In the following detailed description of the invention, reference is made to the accompanying drawings that form a part hereof and in which is shown, by way of illustration, specific embodiments in which the invention may be practiced. In the drawings, like numerals describe substantially similar components throughout the several views. These embodiments are described in sufficient detail to enable those skilled in the art to practice the invention. Other embodiments may be utilized and structural, logical, and electrical changes may be made without departing from the scope of the present invention. The following detailed description is, therefore, not to be taken in a limiting sense, and the scope of the present invention is defined only by the appended claims and equivalents thereof. The terms wafer or substrate used in the following description include any base semiconductor structure. Both are to be understood as including silicon-on-sapphire (SOS) technology, silicon-on-insulator (SOI) technology, thin film transistor (TFT) technology, doped and undoped semiconductors, epitaxial layers of a silicon supported by a base semiconductor structure, as well as other semiconductor structures well known to one skilled in the art. Furthermore, when reference is made to a wafer or substrate in the following description, previous process steps may have been utilized to form regions/junctions in the base semiconductor structure, and terms wafer or substrate include the underlying layers containing such regions/junctions.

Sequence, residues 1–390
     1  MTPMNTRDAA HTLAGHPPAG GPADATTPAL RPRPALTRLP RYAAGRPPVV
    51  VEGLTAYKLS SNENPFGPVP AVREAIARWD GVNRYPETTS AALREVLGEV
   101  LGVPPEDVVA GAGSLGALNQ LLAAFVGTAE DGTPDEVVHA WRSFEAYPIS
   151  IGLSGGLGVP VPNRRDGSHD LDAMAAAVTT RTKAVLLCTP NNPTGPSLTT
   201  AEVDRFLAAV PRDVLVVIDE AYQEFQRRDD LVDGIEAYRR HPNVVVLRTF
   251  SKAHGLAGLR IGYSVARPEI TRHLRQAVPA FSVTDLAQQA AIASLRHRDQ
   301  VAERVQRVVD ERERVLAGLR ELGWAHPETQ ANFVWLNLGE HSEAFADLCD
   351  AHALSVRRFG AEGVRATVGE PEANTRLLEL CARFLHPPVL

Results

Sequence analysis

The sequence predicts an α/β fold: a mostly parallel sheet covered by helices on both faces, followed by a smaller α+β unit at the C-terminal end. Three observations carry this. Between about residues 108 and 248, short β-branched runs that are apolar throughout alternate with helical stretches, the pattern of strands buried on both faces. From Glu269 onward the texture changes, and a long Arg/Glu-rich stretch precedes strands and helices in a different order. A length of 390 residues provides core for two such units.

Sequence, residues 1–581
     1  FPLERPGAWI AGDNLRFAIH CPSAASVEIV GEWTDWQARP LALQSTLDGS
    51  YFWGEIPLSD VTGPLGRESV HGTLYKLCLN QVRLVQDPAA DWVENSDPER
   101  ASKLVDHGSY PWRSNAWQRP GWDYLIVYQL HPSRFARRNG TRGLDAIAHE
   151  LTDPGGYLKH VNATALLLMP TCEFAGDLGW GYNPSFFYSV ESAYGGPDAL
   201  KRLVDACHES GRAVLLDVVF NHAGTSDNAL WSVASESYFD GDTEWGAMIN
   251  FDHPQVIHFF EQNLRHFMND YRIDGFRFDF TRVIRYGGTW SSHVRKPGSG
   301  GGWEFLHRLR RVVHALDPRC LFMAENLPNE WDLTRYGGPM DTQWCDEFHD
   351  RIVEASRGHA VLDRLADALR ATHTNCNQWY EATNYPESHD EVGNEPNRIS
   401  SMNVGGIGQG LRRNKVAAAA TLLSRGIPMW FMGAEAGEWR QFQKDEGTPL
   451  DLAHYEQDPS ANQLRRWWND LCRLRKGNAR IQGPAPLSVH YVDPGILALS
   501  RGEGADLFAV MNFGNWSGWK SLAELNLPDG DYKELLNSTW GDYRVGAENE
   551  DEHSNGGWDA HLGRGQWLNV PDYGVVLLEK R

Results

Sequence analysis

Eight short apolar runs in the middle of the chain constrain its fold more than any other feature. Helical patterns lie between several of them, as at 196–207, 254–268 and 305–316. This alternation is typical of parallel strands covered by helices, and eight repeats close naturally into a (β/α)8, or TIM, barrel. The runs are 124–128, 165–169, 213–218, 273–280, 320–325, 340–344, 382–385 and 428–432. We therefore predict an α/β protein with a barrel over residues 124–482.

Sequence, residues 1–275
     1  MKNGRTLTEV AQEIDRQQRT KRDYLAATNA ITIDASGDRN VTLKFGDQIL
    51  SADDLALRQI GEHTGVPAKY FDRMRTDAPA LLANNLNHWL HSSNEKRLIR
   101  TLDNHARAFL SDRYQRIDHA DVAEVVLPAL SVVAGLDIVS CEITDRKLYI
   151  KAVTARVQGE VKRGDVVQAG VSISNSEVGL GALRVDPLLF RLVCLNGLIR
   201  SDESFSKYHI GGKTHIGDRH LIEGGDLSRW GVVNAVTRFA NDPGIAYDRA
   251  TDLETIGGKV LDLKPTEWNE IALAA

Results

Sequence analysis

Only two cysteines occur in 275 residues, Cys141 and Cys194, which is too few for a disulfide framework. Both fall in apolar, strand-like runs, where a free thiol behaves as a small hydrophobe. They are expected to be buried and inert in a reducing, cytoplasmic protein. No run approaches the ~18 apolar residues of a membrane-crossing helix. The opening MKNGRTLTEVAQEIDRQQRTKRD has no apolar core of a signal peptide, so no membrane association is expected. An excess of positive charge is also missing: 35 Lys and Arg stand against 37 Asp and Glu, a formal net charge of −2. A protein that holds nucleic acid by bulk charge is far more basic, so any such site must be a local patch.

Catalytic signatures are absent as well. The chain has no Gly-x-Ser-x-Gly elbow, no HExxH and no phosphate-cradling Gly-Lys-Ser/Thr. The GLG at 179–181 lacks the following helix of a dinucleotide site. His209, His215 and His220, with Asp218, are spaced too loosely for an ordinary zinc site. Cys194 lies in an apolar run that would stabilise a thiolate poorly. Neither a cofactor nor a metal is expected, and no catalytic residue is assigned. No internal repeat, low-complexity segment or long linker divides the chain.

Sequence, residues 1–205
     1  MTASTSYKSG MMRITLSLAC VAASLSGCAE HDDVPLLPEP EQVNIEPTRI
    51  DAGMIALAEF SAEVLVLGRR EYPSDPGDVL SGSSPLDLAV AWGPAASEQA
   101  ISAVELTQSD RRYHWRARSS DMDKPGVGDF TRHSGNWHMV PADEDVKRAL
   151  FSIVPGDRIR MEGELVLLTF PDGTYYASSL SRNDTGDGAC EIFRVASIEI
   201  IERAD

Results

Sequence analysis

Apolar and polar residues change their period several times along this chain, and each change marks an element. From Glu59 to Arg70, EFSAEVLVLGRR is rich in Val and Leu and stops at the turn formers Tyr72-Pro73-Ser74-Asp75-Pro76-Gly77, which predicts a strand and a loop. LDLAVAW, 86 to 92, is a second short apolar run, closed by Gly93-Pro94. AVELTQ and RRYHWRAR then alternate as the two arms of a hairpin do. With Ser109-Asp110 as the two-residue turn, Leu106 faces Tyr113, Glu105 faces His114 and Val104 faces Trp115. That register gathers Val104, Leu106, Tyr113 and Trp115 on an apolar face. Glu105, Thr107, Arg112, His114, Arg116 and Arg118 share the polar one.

FIG. 1 illustrates an energy band diagram of typical prior art silicon-oxide-nitride-oxide layers of a SONOS structure at flatbands. Flatband conditions exist when no charge is present in the semiconductor so that the silicon energy band is flat. It is assumed that this occurs at zero gate bias (neglecting the work-function difference between the gate electrode and silicon).

The illustrated structure is comprised of the silicon substrate 100, the oxide-nitride-oxide 101, 102, 103 (ONO) layer, and the control gate 104. The illustrated structure has an effective oxide thickness (EOT) of 12 nm since the tunnel oxide has an EOT of 3.5 nm, the nitride trap 102 has an EOT of 4.0 nm (physical thickness approximately 7.5 nm), and the charge blocking oxide 103 has an EOT of 4.5 nm.